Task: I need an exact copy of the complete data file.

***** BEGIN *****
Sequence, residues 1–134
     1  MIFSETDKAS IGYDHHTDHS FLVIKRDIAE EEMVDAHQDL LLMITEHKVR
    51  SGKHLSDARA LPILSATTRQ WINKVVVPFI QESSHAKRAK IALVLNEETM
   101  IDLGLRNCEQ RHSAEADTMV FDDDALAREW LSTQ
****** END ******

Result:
Sequence, residues 1–134
     1  MIFSETDKAS IGYDHHTDHS FLVIKRDIAE EEMVDAHQDL LLMITEHKVR
    51  SGKHLSDARA LPILSATTRQ WINKVVVPFI QESSHAKRAK IALVLNEETM
   101  IDLGLRNCEQ RHSAEADTMV FDDDALAREW LSTQ